Dec 31, 2014

RhoDeo 1452 Aetix

Hello, well there's been a big Talking Heads posting earlier October 2006, damn yes that's more than 8 years ago and although the posting was kept alive for a long time, it's been dodo for sometime too. Files at the time couldn't be larger than a 100mb... yes that old. Anyway it will be flac and ogg 9 to choose from this time...

The new wave style of today's Aetix band combined elements of punk rock, art rock, funk, avant-garde, pop music, world music, and Americana. Frontman and songwriter David Byrne contributed neurotic, whimsical lyrics to the band's songs, and emphasized their showmanship through various multimedia projects and performances. They were described as being "one of the most critically acclaimed bands of the '80s, while managing to earn several pop hits." In 2002, the band was inducted into the Rock and Roll Hall of Fame. Four of the band's albums appeared on Rolling Stone magazine's 2003 list of the 500 Greatest Albums of All Time.....N'Joy

xxxxx xxxxx xxxxx xxxxx xxxxx

At the start of their career, Talking Heads were all nervous energy, detached emotion, and subdued minimalism. When they released their last album about 12 years later, the band had recorded everything from art-funk to polyrhythmic worldbeat explorations and simple, melodic guitar pop. Between their first album in 1977 and their last in 1988, Talking Heads became one of the most critically acclaimed bands of the '80s, while managing to earn several pop hits. While some of their music can seem too self-consciously experimental, clever, and intellectual for its own good, at their best Talking Heads represent everything good about art-school punks.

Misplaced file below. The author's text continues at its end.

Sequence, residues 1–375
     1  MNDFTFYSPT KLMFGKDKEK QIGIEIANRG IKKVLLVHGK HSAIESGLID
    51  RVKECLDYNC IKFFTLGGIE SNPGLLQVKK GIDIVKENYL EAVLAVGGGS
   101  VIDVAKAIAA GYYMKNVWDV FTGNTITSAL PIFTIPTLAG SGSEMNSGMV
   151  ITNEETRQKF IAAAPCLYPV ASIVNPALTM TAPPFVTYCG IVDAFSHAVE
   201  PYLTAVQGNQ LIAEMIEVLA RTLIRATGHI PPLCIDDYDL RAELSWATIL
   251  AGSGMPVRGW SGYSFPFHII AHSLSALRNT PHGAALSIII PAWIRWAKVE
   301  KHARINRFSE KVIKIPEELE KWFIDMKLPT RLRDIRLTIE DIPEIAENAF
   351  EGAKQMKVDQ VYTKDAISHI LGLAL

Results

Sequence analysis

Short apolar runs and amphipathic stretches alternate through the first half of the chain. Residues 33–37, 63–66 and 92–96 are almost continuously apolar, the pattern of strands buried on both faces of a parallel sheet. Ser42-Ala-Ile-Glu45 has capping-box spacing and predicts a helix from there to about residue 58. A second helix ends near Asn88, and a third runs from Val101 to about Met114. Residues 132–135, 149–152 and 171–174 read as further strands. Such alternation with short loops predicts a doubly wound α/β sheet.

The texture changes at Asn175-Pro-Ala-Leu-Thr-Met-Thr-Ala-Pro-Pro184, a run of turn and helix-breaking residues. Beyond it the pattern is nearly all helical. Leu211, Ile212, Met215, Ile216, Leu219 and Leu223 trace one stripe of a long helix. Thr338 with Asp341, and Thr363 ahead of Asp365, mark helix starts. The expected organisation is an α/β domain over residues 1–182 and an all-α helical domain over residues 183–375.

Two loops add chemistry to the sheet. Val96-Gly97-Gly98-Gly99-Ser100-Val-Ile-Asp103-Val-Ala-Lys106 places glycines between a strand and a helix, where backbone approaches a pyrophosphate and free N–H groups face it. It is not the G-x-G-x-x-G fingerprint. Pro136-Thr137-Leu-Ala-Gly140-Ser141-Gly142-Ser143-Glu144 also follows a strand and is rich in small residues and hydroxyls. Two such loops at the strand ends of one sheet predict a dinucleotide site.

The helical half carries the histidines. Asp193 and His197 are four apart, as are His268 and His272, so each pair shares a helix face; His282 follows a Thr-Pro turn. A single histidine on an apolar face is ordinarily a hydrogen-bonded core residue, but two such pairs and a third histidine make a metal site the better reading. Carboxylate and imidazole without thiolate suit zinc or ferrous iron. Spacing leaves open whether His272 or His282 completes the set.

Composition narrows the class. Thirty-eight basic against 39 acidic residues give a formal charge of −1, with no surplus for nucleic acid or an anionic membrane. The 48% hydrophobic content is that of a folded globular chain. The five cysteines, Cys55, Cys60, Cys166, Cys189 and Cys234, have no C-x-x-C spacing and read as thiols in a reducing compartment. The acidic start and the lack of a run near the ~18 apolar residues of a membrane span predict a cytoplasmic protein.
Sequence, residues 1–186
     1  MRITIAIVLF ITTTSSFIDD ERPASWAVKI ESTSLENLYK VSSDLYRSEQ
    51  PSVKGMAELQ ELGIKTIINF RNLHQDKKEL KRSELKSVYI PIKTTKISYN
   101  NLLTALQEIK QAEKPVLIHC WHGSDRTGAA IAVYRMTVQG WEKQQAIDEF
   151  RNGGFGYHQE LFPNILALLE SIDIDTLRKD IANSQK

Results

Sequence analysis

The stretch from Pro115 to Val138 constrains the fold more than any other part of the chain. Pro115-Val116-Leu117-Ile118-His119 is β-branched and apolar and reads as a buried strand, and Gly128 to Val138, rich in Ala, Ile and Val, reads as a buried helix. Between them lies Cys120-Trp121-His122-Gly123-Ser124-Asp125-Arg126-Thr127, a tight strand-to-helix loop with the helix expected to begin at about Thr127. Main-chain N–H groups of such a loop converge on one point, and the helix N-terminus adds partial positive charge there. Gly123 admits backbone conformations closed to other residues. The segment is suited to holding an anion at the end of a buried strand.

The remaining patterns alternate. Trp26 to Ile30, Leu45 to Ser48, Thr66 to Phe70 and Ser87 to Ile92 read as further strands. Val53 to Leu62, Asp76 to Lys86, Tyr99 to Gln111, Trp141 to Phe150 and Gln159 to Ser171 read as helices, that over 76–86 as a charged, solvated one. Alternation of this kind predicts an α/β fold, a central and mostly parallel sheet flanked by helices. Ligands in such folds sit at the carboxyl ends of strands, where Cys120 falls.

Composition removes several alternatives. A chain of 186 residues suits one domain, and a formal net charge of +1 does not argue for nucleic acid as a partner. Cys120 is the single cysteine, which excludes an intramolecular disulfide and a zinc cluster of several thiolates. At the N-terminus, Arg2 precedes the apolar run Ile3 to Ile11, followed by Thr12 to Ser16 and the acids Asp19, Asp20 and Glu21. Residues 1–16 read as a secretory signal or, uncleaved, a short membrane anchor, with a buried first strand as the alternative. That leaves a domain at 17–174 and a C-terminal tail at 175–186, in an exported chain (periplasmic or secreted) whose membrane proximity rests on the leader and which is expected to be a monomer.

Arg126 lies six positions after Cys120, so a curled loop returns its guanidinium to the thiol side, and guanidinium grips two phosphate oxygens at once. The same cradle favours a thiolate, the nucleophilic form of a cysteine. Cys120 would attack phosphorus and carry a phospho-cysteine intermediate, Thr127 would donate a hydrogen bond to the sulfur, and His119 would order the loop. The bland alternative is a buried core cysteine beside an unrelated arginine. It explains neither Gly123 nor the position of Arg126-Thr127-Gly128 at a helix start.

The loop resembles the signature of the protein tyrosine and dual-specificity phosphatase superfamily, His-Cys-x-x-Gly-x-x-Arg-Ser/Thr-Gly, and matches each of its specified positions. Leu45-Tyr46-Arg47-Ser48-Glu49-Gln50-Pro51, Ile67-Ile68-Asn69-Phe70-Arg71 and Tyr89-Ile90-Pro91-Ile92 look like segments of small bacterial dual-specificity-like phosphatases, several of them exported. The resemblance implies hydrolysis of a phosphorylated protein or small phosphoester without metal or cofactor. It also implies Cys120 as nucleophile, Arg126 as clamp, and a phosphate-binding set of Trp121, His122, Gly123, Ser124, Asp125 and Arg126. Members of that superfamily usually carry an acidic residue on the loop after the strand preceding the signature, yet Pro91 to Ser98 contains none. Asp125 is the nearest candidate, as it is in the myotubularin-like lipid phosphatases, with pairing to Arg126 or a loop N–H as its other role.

And they were literally art-school punks. Guitarist/vocalist David Byrne, drummer Chris Frantz, and bassist Tina Weymouth met at the Rhode Island School of Design in the early '70s; they decided to move to New York in 1974 to concentrate on making music. The next year, the band won a spot opening for the Ramones at the seminal New York punk club CBGB. In 1976, keyboardist Jerry Harrison, a former member of Jonathan Richman's Modern Lovers, was added to the lineup. By 1977, the band had signed to Sire Records and released its first album, Talking Heads: 77. It received a considerable amount of acclaim for its stripped-down rock & roll, particularly Byrne's geeky, overly intellectual lyrics and uncomfortable, jerky vocals.